The decision

Upper Tribunal
(Immigration and Asylum Chamber) Appeal Number: HU/19442/2019


Decided without a hearing
Decision & Reasons Promulgated
On 17 November 2021
On 23rd November 2021




Jacques SWARTZ
(anonymity directioN NOT MADE)



1. This is an appeal against the decision of First-tier Tribunal Judge G A Black ("the judge"), promulgated on 12 August 2021. By that decision, the judge dismissed the appellant's appeal against the respondent's decision, dated 23 October 2019, refusing his human rights claim made by way of an application for entry clearance. In summary, the appellant wished to come to the United Kingdom to be with his minor two children (both children are from a previous marriage).
2. The respondent's decision was based solely on the appellant's apparent inability to satisfy the financial requirements under the relevant Immigration Rules.
3. The judge's decision was made without a hearing. She concluded that the evidence of the appellant's funds (as she perceived it to be) to show that he met the Immigration Rules or that he would not be a burden on public funds kingdom. Given that the appellant could not satisfy the Immigration Rules, the judge went on to conclude that there was no evidence to show why the appeal should succeed on a wider Article 8 ECHR grounds.
4. The appellant, who has been unrepresented throughout, drafted grounds of appeal to the effect that the judge had failed to have regard to all of the financial evidence which had been sent in prior to her decision being made. The grounds state that the evidence showed he did in fact have enough money. In addition, he asserts that he had a strong relationship with both of his children and that he also had a British citizen partner living in this country.
5. Permission to appeal was granted by the First-tier Tribunal. The file came before me and I initially issued a directions notice confirming that the next hearing would be conducted on a remote basis.
6. However, later in the day I was made aware that the respondent had provided a rule 24 response. This stated that the respondent did not oppose the appellant's appeal. That the decision of the First-tier Tribunal should be set aside and the case reconsidered by the Upper Tribunal following what is called a resumed hearing in due course.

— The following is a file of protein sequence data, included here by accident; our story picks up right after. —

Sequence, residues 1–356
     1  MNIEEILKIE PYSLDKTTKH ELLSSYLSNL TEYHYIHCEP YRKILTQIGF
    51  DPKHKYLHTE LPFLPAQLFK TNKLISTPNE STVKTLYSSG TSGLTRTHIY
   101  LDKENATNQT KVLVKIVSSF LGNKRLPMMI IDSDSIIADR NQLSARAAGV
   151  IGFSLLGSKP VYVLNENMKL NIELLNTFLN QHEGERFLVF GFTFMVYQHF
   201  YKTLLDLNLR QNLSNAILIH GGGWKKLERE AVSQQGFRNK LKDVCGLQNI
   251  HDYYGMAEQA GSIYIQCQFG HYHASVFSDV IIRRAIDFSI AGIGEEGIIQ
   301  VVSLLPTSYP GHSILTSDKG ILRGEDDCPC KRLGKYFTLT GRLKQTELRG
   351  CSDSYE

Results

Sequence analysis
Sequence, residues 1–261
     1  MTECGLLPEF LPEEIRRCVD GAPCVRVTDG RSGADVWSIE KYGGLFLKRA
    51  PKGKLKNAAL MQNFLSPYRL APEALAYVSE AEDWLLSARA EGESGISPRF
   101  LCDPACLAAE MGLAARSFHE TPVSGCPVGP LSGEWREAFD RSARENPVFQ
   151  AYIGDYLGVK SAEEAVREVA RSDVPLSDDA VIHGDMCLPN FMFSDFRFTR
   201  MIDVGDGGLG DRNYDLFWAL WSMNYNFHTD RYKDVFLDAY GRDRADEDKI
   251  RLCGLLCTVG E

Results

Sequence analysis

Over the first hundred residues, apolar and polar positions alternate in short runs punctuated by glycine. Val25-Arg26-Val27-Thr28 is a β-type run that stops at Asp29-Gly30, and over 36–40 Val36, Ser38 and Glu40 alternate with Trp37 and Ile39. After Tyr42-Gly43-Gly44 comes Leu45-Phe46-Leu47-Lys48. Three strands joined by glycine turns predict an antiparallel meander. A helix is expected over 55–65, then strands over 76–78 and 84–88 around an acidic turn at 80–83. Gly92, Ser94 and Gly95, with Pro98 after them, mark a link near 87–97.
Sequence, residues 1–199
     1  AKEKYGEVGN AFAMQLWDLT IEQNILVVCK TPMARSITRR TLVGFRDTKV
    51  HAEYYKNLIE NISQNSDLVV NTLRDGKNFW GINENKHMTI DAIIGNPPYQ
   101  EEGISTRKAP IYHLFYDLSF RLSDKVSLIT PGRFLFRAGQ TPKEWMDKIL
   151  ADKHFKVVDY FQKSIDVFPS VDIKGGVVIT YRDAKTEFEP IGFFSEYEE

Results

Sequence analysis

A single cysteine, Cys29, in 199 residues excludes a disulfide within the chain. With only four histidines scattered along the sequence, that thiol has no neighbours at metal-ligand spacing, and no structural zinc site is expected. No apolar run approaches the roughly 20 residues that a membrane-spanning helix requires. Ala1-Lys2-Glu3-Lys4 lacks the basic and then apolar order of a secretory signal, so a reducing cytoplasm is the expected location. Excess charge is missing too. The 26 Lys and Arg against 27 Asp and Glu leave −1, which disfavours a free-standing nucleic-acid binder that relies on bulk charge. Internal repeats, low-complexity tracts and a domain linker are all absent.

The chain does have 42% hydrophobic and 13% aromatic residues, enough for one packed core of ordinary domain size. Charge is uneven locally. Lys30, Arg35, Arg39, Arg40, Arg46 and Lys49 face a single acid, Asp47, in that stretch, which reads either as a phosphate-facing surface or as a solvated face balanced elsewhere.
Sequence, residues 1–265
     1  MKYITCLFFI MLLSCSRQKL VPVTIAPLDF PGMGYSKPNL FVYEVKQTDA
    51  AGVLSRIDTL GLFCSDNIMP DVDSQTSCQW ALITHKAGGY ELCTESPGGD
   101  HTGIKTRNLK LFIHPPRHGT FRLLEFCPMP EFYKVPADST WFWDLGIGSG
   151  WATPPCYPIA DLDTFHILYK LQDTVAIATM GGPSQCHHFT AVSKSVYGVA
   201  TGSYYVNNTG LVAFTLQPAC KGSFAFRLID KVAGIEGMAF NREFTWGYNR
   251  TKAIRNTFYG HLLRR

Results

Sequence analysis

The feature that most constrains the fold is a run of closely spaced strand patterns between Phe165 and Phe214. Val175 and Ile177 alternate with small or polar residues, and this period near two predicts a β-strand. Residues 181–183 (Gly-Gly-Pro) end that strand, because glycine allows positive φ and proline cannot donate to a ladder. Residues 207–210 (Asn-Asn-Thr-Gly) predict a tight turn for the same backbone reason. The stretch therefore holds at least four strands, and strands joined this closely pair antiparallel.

Procedural issue: the method of deciding this appeal
7. In light of the respondent's rule 24 response, I have carefully considered what the fairest and most efficient course of action is.
8. I have concluded that I can fairly make a decision on whether the First-tier Tribunal erred in law without holding a hearing, pursuant to rule 34 of the Tribunal Procedure (Upper Tribunal) Rules 2008. The appellant says that the judge misunderstood or overlooked the evidence before her. The respondent has, in effect, agreed with this. In these circumstances, I see no need for a hearing.

Decision on error of law
9. Given the respondent's concession in the rule 24 response, I conclude that the judge erred in law, principally for the reasons set out in the grounds of appeal. The respondent accepts that the error of law is material to the outcome, and I agree.
10. I therefore set aside the judge's decision.

11. The respondent has said that this case can be looked at again by the Upper Tribunal. Having considered all the circumstances of the case, I have concluded that the appropriate course of action is to remit this appeal to the First-tier Tribunal for a rehearing with no preserved findings of fact. This is because the financial issue needs to be looked at again, as does the question of family life: both will require careful fact-finding.
12. It is likely that the remitted hearing will require evidence to be taken, very probably both written and oral.
13. A recent decision of the Upper Tribunal, Agbabiaka (evidence from abroad; Nare guidance) [2021] UKUT 00286 (IAC) (the link to this decision is: (, says that evidence from an individual (including an appellant) cannot be taken from overseas unless and until the other country in question (here, South Africa) gives permission for that to take place.
14. The appellant must therefore contact the First-tier Tribunal as soon as possible and confirm that he will wish to give oral evidence from South Africa at the next hearing. This is very important: the next hearing will not be able to take place with the appellant giving oral evidence until the South African authorities have confirmed that they have no objection to this occurring.
15. If the appellant wishes his current partner in the United Kingdom to give oral evidence, he must inform the First-tier Tribunal of this as well.
16. The effect of my decision is to rescind (cancel) the directions notice sent out to the parties today.


17. The First-tier Tribunal made no anonymity direction and nor do I.

Notice of Decision

18. The making of the decision of the First-tier Tribunal did involve the making of an error on a point of law.

19. I exercise my discretion under section 12(2)(a) of the Tribunals, Courts and Enforcement Act 2007 and set aside the decision of the First-tier Tribunal.

20. I remit the case to the First-tier Tribunal.

21. I rescind the directions notice sent out to the parties on 17 November 2021.

Directions to the First-tier Tribunal

1. This appeal is remitted to the First-tier Tribunal (Taylor House hearing centre) for a complete rehearing, with no preserved findings of fact;

2. The remitted hearing shall not be conducted by First-tier Tribunal Judge G A Black;

3. The First-tier Tribunal will issue any further case management directions deemed appropriate, bearing in mind that the appellant is not legally represented and will probably wish to give oral evidence from abroad.

Signed: H Norton-Taylor Date: 17 November 2021

Upper Tribunal Judge Norton-Taylor